The musical adaptation of PETER PAN, follows the familiar story of the boy who refuses to grow up. Enjoying hearing Mrs. Darling tell the Darling children stories, Peter Pan has frequented the Darling household. One night, he returns to reclaim his shadow which Mrs. Darling had previously captured. He accidently wakes the sleeping Wendy Darling and decides to take her to Neverland so she can be a mother to him and the Lost Boys. She agrees to go if her brothers can go too. Once in Neverland, the villainous Captain Hook wants to kidnap Wendy and make her the mother to him and his band of pirates.
Glenn Casale returns to PETER PAN again to direct this current tour, which began in 2011. He notably received a Tony Nomination in 1999 for directing one of PETER PAN'S Broadway Revivals. Glenn Casale keeps the plot moving forward, even though it does feel a bit overly drawn out by the end of the first act. The second act does seem to be better paced, but the defeat of Captain Hook feels somewhat rushed. I expected a longer, more grandiose battle than what was presented. Regardless of this, the flying effects and brightly colored caricatures that embody the stage for the entire performance captivate and delight the audience, especially the younger ones in the crowd.
Like Glenn Casale, Patti Colombo is returning to the current tour to choreograph the show. The show is well choreographed, but her most exhilarating work is present at the top of Act II in "Ugg-a-Wugg."
Cathy Rigby first played Peter Pan in 1974 in a theatre-in-the-round production. She finally got to play Peter on Broadway in 1990 and has repeatedly returned to the role with strong reviews every time. On the last night of her 59th year of life, she astounded and surprised Houston audiences with her nimble agility, gymnastic prowess, and indefatigable charisma and charm. There is no denying that Cathy Rigby has still got all the physicality that made her a household name as a young gymnast and Olympic athlete. She soars around the stage whether she is harnessed or not and delivers a powerhouse performance from her first appearance to her exciting final flight over the Orchestra level audience during curtain call. Her magnetism and brilliance on stage make one wonder if she is imbued with fairy dust, making believers out of every member of the audience. Her gentle alto voice works nicely in the show. It seemed a little shaky at times in the performance last night, leaving me to wonder if the star is fighting a cold.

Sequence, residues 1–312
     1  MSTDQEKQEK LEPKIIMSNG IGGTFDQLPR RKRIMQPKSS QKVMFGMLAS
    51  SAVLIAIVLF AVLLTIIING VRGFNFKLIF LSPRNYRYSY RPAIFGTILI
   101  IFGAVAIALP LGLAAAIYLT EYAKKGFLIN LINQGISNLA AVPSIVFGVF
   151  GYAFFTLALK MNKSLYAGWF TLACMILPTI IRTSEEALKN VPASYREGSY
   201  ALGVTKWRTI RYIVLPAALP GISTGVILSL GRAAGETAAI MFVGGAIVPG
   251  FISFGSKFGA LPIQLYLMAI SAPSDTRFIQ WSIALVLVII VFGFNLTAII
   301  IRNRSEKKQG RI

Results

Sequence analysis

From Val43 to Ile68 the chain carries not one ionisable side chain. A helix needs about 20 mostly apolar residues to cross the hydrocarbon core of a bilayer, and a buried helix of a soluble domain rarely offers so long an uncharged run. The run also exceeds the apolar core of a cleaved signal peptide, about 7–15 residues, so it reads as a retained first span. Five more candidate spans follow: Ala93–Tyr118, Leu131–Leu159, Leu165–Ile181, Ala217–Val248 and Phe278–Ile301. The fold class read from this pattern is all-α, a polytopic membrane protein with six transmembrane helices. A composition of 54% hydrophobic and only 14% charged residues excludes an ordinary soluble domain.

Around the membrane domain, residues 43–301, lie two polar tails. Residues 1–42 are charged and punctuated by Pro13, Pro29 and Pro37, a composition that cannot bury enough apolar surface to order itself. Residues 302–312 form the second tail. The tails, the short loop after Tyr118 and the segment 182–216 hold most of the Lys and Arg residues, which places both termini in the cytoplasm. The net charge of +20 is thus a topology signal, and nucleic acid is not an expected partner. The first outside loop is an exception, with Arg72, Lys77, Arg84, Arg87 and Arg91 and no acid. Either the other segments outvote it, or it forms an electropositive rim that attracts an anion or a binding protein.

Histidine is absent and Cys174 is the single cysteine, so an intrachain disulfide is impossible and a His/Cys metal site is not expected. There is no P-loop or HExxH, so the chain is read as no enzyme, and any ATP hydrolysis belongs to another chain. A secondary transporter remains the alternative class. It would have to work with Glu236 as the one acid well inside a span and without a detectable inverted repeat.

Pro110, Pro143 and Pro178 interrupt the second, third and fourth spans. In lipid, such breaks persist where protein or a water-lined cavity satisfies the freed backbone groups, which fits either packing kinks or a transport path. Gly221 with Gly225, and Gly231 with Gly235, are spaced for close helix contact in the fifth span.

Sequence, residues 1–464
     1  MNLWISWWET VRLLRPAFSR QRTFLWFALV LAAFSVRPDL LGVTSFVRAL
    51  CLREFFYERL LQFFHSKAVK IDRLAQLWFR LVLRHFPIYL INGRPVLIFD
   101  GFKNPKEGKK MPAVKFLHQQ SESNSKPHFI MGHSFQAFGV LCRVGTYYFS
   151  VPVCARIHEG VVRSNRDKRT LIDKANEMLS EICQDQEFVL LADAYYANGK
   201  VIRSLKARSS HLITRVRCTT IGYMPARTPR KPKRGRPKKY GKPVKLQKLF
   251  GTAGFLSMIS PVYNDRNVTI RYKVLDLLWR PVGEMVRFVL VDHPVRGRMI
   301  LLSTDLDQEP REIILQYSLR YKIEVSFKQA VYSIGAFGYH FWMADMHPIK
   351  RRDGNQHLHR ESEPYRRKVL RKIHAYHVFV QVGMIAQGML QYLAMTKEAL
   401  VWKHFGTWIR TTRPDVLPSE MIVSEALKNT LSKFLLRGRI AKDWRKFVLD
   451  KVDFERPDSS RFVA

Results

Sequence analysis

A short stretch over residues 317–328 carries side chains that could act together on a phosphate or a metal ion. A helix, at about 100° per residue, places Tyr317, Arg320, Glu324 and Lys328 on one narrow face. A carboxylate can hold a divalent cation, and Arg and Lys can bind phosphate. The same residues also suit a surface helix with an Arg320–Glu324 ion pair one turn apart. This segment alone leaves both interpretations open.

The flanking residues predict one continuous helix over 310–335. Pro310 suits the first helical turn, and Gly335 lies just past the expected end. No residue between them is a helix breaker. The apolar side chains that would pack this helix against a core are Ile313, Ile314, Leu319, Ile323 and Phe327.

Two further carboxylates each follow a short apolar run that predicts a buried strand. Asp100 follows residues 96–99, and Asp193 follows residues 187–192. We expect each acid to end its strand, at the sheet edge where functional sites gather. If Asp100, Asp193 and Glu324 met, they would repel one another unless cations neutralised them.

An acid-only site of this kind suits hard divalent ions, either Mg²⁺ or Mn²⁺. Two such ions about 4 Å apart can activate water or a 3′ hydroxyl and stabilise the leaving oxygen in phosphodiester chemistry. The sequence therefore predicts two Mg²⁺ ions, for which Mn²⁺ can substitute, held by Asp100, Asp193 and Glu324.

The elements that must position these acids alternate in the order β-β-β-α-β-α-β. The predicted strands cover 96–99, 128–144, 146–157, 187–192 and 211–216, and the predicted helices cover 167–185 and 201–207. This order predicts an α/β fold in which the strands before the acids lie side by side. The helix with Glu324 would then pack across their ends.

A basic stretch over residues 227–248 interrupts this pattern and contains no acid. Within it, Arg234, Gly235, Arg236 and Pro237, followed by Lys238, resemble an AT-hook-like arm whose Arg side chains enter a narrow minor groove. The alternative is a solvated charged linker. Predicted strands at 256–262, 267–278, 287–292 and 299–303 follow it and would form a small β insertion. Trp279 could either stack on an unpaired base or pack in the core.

As Captain Hook, Brent Barrett is the quintessential dastardly villain. He entered the stage to a chorus of boos, but the audience couldn't help but love him in performance. His dulcet baritone instrument engages the audience and captivates them when he sings. His stage presence, strong voice, and dance moves make his plotting, devious numbers some of the evenings most memorable performances. Brent Barrett clearly understands his role, makes it his own, and leaves the audience wanting more.
The Darling Children played by Krista Buccellato (Wendy), Julia Massey (Michael), and Lexy Baeza (John) do fantastic jobs with their roles. All three children are what the audience expects at all times, and each one is relatable to the child that lives in the heart of the adults and to each child in the audience. However, it is Julia Massey's young Michael leading the full chorus in a wildly frenetic, rhythmic dance during "Ugg-a-Wugg" that truly awed and enchanted the audience.